The senior staff from the British Consulate in Houston made its stop to the Permian Basin on Tuesday in Odessa as part of its two-week multi-city tour.

The reason for the tour is for the British delegation to try and promote investment opportunities between Texas and the U.K. with exports from Texas to Great Britain amounting to over $10 billion in 2018.

The tour includes a combination of events helping to support a range of U.K. interests across business, trade, defense, education and other sectors.

The consulate set up a small camp for the afternoon at the parking lot at UTPB, across from the Kirk Edwards Family Human Performance Center.

“We’re covering as much of rural Texas as we can because my job is to understand what makes people tick in the state and I can’t do that sitting in an office,” Consul-general Richard Hyde said.

Coming 180 years after the U.K. Government first appointed a representative to Texas, the tour is also a chance to mark the United Kingdom’s continuing commitment to enduring relationships, mutual prosperity and extensive security cooperation with long-standing and close allies.

“Texas is like a country,” Hyde said. “It’s a country-size state with close to 30 million people,” Hyde said. “It’s diverse. Every region of Texas is a little diverse. There’s a huge Hispanic population. There’s a lot of immigration from south Asia and east Asia. There’s a real mixture of people across the state. My job is to find out what drives people and what makes business work. You really have to go and meet people to understand that.”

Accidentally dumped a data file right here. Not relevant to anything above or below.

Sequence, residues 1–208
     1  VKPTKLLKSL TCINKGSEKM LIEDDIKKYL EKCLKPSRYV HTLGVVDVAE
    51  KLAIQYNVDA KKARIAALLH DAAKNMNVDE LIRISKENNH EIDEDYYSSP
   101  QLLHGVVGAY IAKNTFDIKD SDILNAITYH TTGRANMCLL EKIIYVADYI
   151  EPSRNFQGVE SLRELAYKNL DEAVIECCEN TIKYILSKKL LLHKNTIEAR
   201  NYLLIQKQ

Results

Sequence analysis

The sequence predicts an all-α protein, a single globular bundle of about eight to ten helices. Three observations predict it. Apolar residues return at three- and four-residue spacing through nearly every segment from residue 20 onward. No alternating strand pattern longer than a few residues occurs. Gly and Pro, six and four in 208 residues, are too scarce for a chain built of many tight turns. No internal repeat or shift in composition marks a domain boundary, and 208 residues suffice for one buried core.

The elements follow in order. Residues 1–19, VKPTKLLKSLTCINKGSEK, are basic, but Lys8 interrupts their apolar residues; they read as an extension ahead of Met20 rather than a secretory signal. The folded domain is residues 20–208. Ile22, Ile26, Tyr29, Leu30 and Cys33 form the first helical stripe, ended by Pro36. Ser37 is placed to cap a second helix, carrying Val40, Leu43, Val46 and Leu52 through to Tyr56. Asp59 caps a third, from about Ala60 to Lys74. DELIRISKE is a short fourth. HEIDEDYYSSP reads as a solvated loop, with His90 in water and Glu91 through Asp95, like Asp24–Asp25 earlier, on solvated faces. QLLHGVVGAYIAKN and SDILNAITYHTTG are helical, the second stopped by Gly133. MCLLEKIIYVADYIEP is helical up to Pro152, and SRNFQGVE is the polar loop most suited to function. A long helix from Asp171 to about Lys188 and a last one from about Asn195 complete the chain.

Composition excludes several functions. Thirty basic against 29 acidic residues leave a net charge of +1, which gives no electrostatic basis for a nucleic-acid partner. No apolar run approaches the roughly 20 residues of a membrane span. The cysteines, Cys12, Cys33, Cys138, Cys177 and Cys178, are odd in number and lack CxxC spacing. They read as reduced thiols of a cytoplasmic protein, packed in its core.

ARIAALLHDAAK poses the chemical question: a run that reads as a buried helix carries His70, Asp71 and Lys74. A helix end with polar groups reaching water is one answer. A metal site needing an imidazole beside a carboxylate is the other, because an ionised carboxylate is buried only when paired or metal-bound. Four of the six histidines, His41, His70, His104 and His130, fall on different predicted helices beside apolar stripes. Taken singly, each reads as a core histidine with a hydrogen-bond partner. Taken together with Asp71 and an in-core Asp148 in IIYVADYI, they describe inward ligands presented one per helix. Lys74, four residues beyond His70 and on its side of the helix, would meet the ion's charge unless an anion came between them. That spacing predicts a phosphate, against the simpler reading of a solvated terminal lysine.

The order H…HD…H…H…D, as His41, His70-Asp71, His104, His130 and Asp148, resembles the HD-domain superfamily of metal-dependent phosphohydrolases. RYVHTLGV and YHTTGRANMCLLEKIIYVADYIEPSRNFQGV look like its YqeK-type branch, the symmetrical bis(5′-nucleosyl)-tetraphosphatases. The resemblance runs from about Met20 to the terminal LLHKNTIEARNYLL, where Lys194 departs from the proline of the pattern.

Hyde also spoke about the energy sector in West Texas.

Richard Hyde, Her Majesty’s Consul General in Texas, Arkansas, Louisiana, New Mexico and Oklahoma, speaks to the media during a stop on a tour around Texas Tuesday at the University of Texas Permian Basin. (Jacob Ford|Odessa American)

“This particular region in West Texas, everyone knows this is underground,” Hyde said. “It’s the energy that has fueled the world for the last hundred years. But there’s a huge amount of talent above ground and it’s the people above ground that I have come to talk to. I talk about interesting issues like energy transition. We all talk about energy transitions. There’s no part of the United States that’s been more impacted by talk of energy transition than the Permian Basin. It’s really important to talk to people who have been directly impacted by that here in the Permian Basin.”

Another aim of the tour was to focus on cities outside of the “Texas Triangle” (Houston, Dallas, Austin and San Antonio).

“The goal for us to do this road trip was to engage on a local level because we’re well known in San Antonio and Houston and we really want to make sure we engage with the communities across the state of Texas and understand what those opportunities are and what they’re trying to grow, sector-wise,” regional director for South Central U.S. Jon Marrs said who also works for the department of international trade.